Immigration Behind Global Populism?

By Zakaria, Fareed | Charleston Gazette Mail, December 9, 2016 | Go to article overview

Immigration Behind Global Populism?


Zakaria, Fareed, Charleston Gazette Mail


NEW YORK - A joke among journalists is that we are taught to count: "one, two, trend." But at this point, I think it's fair to say we are witnessing a populist trend around the world. The real question is, what is fueling its extraordinary rise? Almost a month after Donald Trump's election, Europeans went to the polls, with mixed results. Italians voted against everything - the establishment, the European Union and, by extension, their centrist, reform-minded prime minister, Matteo Renzi. Austrian voters, by contrast, rejected the far-right candidate Norbert Hofer. But it was still startling that his Freedom Party - whose first leader was a former Nazi minister and SS member - received 46 percent of the national vote. Over the last few years, almost everywhere in Europe - from France to the Netherlands to Germany - right-wing populist parties have gained ground.

In most of the continent, populists still seem unlikely to take power because they cannot replicate Trump's success in getting control of a mainstream political party. European parties are internally strong and have mechanisms to block such a hostile takeover. American political parties, on the other hand, since the advent of primaries, have become nothing more than vessels for popular politicians. Once it was clear that Trump would win the Republican nomination, the party structure folded and became his executive arm.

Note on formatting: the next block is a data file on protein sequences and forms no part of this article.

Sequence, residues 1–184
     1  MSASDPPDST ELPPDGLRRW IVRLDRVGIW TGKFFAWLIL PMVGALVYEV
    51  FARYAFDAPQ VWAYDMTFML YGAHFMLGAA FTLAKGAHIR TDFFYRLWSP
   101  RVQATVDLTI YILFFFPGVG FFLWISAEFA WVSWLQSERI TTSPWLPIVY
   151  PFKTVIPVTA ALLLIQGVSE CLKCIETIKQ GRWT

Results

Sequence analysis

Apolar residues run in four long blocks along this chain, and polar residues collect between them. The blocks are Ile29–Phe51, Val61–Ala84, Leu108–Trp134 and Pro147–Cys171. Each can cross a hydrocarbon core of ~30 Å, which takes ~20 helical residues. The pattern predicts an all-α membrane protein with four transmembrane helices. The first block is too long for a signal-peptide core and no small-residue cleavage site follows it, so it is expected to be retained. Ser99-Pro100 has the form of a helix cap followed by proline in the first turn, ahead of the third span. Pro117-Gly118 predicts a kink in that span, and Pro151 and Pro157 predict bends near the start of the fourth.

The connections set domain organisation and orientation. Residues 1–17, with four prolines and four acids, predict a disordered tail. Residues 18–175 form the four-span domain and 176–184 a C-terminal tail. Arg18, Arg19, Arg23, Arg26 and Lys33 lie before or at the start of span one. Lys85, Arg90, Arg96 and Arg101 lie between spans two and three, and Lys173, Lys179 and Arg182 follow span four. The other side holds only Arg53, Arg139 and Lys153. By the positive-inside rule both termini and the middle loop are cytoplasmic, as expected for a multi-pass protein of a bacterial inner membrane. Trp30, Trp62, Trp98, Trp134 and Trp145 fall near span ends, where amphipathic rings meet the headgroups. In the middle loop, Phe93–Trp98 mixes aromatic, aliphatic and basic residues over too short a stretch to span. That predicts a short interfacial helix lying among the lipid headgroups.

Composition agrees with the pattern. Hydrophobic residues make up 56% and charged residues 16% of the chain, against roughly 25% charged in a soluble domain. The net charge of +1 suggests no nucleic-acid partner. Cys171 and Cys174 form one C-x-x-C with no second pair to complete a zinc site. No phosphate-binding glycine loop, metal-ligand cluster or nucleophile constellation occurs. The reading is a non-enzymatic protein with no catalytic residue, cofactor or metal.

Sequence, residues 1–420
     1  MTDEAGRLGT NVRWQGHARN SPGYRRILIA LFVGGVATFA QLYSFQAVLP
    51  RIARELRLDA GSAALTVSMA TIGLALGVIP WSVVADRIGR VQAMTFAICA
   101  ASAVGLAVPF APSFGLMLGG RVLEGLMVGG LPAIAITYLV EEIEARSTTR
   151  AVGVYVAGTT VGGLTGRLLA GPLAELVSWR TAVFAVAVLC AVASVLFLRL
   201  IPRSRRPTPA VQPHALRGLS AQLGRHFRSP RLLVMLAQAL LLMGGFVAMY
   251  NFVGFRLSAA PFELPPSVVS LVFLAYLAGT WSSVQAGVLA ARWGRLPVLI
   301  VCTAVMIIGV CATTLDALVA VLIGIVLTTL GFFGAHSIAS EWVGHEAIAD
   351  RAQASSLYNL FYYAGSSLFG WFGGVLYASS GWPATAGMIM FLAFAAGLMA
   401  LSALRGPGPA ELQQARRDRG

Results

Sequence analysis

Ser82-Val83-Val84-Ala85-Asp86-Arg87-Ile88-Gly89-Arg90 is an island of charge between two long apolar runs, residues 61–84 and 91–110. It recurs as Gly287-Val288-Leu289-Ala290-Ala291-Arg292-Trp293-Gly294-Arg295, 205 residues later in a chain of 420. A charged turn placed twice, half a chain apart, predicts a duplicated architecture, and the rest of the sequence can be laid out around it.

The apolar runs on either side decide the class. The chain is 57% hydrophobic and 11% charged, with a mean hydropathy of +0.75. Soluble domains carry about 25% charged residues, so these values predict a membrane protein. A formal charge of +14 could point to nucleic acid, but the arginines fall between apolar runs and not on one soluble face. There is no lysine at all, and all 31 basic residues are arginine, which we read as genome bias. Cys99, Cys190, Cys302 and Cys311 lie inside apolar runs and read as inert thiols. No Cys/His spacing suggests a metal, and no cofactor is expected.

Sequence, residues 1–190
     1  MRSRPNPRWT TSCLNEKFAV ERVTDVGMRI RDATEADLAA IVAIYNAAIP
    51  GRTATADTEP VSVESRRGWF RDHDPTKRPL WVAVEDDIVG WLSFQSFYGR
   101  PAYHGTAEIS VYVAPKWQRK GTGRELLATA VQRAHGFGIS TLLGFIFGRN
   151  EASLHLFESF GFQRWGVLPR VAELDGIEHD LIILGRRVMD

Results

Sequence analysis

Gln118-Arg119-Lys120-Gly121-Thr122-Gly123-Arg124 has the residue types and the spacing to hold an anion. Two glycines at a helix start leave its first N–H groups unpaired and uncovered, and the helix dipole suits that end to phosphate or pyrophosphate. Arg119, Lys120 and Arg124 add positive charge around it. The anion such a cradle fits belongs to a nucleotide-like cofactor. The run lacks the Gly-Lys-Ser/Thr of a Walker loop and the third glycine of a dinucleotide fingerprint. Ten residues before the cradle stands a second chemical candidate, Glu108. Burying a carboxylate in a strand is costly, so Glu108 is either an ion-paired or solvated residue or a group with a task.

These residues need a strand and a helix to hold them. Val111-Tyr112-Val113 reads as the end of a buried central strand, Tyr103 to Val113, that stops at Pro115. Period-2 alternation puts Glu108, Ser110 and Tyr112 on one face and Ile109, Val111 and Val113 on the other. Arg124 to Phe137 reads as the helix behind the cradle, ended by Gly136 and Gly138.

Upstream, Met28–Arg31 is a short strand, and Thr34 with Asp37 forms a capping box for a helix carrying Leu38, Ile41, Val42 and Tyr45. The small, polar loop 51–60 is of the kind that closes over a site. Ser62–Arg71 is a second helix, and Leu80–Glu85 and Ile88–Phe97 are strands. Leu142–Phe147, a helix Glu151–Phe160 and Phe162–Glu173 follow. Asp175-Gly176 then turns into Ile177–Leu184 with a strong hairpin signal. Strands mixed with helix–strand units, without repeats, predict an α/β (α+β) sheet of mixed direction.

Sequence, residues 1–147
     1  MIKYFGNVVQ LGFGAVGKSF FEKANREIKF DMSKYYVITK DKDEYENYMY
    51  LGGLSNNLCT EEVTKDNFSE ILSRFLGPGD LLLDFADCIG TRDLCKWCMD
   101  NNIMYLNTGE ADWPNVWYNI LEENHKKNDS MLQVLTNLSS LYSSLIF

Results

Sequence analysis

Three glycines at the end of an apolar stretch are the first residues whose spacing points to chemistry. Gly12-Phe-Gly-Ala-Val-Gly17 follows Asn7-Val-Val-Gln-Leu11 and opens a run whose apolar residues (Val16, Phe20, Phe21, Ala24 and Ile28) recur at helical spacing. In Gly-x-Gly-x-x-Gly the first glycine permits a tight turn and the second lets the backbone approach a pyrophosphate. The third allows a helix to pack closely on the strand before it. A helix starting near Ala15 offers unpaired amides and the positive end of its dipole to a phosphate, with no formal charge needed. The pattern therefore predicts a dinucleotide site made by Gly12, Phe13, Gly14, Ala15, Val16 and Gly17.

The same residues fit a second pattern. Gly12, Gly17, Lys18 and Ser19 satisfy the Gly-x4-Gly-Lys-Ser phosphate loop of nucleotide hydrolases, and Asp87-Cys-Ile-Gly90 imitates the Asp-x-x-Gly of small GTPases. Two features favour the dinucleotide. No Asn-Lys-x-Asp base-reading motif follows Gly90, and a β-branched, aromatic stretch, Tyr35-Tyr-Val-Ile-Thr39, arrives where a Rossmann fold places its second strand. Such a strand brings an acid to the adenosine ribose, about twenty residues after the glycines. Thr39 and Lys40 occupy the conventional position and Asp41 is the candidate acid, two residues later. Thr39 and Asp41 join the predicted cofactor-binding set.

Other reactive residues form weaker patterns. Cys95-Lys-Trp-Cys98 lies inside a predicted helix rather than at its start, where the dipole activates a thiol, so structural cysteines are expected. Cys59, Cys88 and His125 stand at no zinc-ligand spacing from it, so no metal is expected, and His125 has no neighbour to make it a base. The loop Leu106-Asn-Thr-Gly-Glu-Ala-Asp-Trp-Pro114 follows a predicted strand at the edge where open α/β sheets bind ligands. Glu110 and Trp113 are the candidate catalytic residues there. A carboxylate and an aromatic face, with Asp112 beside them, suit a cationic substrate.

Supporters of Trump and other populist movements often point to economics as the key to their success - the slow recovery, wage stagnation, the erosion of manufacturing jobs, and rising inequality. These are clearly powerful contributing factors. But it is striking that we see right-wing populism in Sweden, which is doing well economically; in Germany, where manufacturing remains robust; and in France, where workers have many protections. Here in America, exit polls showed that the majority of voters who were most concerned about the economy cast their ballots for Hillary Clinton.

The one common factor present everywhere, however, is immigration. In fact, one statistical analysis of European Union countries found that more immigrants invariably means more populists. According to the study, if you extrapolate from current trends, "as the percentage of immigrants approaches approximately 22 percent, the percentage of right-wing populist voters exceeds 50 percent. …

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